When age is an afterthought
Recently a friend in Britain sent out invitations for her upcoming 45th birthday celebrations. Her sentiments were unambiguous: “45 is Old, Old, OLD!! Come commiserate with me over a drink or 45!”.
Having just turned 45 myself last November, I responded to her saying, “Oy! 45 is not old, ok? I only feel it when my knees occasionally creak when I climb stairs – or when I see stars if I get up too fast! Anyway, mentally I’m still somewhere in my 20s.” She responded with several laugh-out-loud emojis.
Another female peer stoutly refuses to divulge her age – although I may have already done her a disservice by calling her my ‘peer’. A WhatsApp group of former schoolmates calls itself “Forever18”.
While I personally have no issues revealing my true age, one thing does get my goat. It’s the archaic statement that women of “a certain age” should dress and behave in “a certain way.”
Having never been one to toe the line, especially when it comes to dressing, I am pleased that this statement is rapidly becoming redundant as “old” women proudly strut down catwalks, grace the covers of magazines or have large Instagram followings for simply embracing life – warts, grey hair, and all. I look at many of them and think that “I want to be her when I grow up!” (See what I mean when I say I’m mentally in my 20s?)
That is why it thrilled me no end to read recently that a record 27 models in their 50s and 60s walked the Spring 2018 shows in New York, Paris, Milan and London this year. They included 69-year-old Maye Musk, the mother of billionaire entrepreneur and Tesla founder Elon.
Though she started modelling in South Africa at the age of 15, her career has only really picked up in recent years, and she claims that she’s “never worked as much over the past 50 years as I did in 2017.”
The grandmother of 10 is signed to IMG Models, the same agency that represents supermodels like Gisele Bündchen and Gigi Hadid. Besides gracing the covers of New York Magazine, Elle Canada and VOGUE Korea, she was also the oldest brand ambassador for US cosmetics company CoverGirl.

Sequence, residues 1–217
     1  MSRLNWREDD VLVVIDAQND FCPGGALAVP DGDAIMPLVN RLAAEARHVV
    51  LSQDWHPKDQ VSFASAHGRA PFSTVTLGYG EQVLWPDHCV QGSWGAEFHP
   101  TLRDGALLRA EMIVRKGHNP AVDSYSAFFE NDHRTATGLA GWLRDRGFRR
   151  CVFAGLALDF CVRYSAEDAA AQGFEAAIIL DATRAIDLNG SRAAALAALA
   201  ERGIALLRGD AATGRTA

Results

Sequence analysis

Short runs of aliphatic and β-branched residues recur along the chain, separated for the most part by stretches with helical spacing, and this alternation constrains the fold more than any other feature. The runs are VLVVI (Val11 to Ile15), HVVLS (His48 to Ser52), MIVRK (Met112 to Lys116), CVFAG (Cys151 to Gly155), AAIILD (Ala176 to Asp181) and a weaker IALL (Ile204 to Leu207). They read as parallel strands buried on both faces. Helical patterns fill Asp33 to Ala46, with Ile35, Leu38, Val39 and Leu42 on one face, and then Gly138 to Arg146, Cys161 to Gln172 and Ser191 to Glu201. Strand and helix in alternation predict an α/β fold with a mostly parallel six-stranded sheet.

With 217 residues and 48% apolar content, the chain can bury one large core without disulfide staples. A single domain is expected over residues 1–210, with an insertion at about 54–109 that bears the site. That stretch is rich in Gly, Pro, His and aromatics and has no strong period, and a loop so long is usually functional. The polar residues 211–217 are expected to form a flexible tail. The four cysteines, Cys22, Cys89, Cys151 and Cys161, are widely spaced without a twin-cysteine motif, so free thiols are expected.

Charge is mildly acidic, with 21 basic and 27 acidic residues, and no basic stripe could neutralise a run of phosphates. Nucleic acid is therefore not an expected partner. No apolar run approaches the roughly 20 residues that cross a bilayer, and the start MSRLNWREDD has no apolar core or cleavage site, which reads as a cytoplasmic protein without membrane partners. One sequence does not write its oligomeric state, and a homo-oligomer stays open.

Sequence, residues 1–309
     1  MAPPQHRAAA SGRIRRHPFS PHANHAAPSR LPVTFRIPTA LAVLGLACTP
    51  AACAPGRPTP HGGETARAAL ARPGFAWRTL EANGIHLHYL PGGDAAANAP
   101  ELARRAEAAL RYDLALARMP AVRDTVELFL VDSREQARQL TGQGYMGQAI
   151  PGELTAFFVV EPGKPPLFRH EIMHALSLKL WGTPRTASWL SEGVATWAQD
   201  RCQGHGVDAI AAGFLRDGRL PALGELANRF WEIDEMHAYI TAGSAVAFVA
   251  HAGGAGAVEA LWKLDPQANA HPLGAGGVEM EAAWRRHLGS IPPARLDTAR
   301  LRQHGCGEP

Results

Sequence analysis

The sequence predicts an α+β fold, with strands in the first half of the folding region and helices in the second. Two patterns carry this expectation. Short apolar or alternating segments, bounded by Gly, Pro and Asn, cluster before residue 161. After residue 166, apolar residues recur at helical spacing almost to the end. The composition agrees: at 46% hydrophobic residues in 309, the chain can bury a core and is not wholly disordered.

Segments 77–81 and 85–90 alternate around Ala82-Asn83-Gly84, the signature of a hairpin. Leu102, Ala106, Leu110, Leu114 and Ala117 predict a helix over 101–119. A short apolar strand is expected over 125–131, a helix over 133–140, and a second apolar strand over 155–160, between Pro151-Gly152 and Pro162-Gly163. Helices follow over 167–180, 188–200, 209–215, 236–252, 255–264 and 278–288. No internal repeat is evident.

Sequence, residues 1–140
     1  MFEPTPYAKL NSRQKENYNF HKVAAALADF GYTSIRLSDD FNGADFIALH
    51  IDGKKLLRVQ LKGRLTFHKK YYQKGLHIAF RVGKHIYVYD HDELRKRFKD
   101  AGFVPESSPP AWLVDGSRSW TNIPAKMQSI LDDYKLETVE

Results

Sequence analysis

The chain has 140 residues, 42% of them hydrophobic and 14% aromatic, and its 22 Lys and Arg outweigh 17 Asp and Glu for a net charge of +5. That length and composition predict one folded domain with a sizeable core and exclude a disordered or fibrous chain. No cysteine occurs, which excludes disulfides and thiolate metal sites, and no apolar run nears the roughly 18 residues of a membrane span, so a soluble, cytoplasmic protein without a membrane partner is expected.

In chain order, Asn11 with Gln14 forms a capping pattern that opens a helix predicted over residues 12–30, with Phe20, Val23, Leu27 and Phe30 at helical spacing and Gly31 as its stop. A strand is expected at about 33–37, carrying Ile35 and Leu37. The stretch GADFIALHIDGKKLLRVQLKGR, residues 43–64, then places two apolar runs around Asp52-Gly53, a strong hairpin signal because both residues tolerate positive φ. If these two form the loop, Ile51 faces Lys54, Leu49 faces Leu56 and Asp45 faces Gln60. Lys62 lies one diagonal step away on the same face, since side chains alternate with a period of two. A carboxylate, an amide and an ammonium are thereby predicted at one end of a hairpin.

Then there’s the Accidental Icon, the überstylish 64-year-old Lyn Slater. She was famously “discovered” during Fashion Week in New York in 2014 as she strutted down the street, impeccably garbed of course. Photographers thought she was one of the Who’s Who of fashion. That thrusted her into the limelight and shifted the focus to the unique blog she had just started, after noticing a dearth of fashion blogs by women over “a certain age.”
I recently watched a video of Slater sharing some nuggets regarding aging and dressing. When she attended a private school that required her to wear a uniform all the time, she found loopholes in the rules; for instance they were allowed to don religious symbols, so she fashioned accessories out of rosaries.
Having attended a missionary school myself and been forced to wear a uniform for 13 of my formative years, this anecdote resonated with me. I believe that my love for fashion was born over the years of not being able to express my individuality for at least five days a week while at school.
Slater says that “fashion is a tool of rebellion” and her typical blog visitors are professional women between the ages of 38 and 60 looking to reinvent themselves. She wants to give people a different way to think about aging. The young people who follow her Instagram account have told her: You are really making me not afraid to get old.”
And that’s the point isn’t it? To embrace life and it’s evolution as we know it. For, unless some science fiction theory becomes reality, none of us is immortal – at least for now. And let’s face it; we start aging from the time we are born, right? So why is it that the process of aging becomes a taboo topic after an acceptable number of years, after which we’re expected to be grey both in outlook and looks while waiting for the Grim Reaper to come a-knocking? Why not wait while looking – and feeling – absolutely fabulous?
And while we’re at it, perhaps we should bid adieu to that oft-repeated adage, “age is but a number.” It should ideally be an after-thought.
Perhaps Maye Musk’s hashtag says it all: #justgettingstarted. Now that’s something to aspire to.
Author: Brenda Haas
Editor: Anne Thomas
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Date13.02.2018 | 15:04
Tags#justgettingstarted, age, aging, Baddie Winkle, Brenda Haas, Iman Abdulmajid, Iris Apfel, Lyn Slater, Maye Musk, women's rights